Hiawatha Bray

Globe staff
Hiawatha Bray is a technology writer for the Boston Globe Business section. He has contributed to a number of newspapers and magazines including Wired, Fast Company and Black Enterprise. He received an Overseas Press Club award for his series on the Internet in Africa.

Articles By Hiawatha Bray

Some big investors are betting that our appetite for online video will be worth a pretty penny. They’ve ponied up $58 million to launch a video service called Vessel, for which fans will pay $3 a month to get first looks at exciting short videos.

That’s the secret sauce, right there. Vessel will show the same stuff that will eventually appear on YouTube or other short video sites, but three days sooner, leaving YouTubers to twiddle their thumbs for 72 hours.More →

New England Patriots locker-room employees Jim McNally and John Jastrzemski engaged in a series of sometimes vulgar, always entertaining series of text messages that, according to the National Football League, implicated star quarterback Tom Brady in the teams efforts to use underinflated footballs in the AFC championship game against the Baltimore Ravens.More →

An elderly friend with health problems gave me a scare recently when I phoned her and learned her number was out of service. Had she moved, or was it something much worse? Actually, she was feeling better than ever, now that those infuriating sales calls had finally stopped. Out of sheer frustration, my friend had gotten a new phone number.More →

Twenty years ago today, somebody flipped a switch and opened the floodgates. On April 30, 1995, the last federally funded portion of the Internet shut down, turning it into a free-enterprise operation.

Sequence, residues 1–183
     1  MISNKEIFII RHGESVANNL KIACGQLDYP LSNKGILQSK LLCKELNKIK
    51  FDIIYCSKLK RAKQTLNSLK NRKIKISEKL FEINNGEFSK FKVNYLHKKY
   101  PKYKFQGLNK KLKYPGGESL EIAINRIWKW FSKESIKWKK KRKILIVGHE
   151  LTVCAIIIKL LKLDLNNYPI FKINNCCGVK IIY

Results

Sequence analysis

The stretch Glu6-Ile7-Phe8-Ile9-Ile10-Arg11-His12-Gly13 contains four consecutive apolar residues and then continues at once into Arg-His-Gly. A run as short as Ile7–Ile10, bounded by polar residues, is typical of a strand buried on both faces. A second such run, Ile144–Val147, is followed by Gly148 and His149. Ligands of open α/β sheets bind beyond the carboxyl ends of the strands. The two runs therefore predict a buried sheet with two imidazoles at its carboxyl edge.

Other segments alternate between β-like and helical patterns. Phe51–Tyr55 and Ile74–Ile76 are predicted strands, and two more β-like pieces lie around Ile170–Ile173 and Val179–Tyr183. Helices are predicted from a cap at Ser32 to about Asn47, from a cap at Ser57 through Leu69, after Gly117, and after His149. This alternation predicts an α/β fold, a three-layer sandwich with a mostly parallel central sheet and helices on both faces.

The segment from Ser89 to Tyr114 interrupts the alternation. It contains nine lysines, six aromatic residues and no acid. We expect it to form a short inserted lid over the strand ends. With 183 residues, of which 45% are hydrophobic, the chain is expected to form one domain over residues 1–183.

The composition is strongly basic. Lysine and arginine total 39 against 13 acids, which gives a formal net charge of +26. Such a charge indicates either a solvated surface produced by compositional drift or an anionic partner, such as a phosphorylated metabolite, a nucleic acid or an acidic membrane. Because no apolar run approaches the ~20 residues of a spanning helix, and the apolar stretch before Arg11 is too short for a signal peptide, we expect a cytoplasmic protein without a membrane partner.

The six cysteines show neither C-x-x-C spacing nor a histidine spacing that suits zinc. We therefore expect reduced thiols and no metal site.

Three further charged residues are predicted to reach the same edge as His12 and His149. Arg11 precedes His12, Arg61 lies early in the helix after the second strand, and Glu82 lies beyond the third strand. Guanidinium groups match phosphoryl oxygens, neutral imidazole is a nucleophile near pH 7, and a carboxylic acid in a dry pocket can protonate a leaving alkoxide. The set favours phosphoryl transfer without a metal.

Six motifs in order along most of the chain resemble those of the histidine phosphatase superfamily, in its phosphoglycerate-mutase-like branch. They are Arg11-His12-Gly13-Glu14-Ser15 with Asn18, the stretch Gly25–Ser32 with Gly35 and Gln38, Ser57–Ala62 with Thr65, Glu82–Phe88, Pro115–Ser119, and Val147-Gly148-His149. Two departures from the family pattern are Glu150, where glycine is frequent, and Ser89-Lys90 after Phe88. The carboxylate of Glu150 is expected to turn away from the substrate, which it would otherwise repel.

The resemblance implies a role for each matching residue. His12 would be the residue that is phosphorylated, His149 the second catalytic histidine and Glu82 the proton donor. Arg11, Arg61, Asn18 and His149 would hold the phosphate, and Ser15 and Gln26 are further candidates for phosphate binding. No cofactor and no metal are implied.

It was just one major breakthrough of 1995, the year the Internet achieved lift-off. Amazon, eBay, craigslist, and Match.com all went live that year, while Microsoft rolled out its first Internet Explorer browser. In 1995, about 16 million people were online, less than half a percent of the human race. Just five years later, 5 percent of the world had logged on. Today, it’s 3 billion of us — 40 percent of the planet. Probably no other technology has caught on so fast, built so many new businesses, or demolished so many old ones.More →

Apple Inc. made its long-awaited entry into the moribund smartwatch market on Monday, showing off a new wrist-mounted device it hopes will become the first such gadget to become a mass-market hit.

The new Apple Watch features a sleek design that looks far more elegant than many rival smartwatches. It also features an upscale price tag — $349  for the least expensive model, rising to $10,000 or more for an elite version crafted from solid gold.More →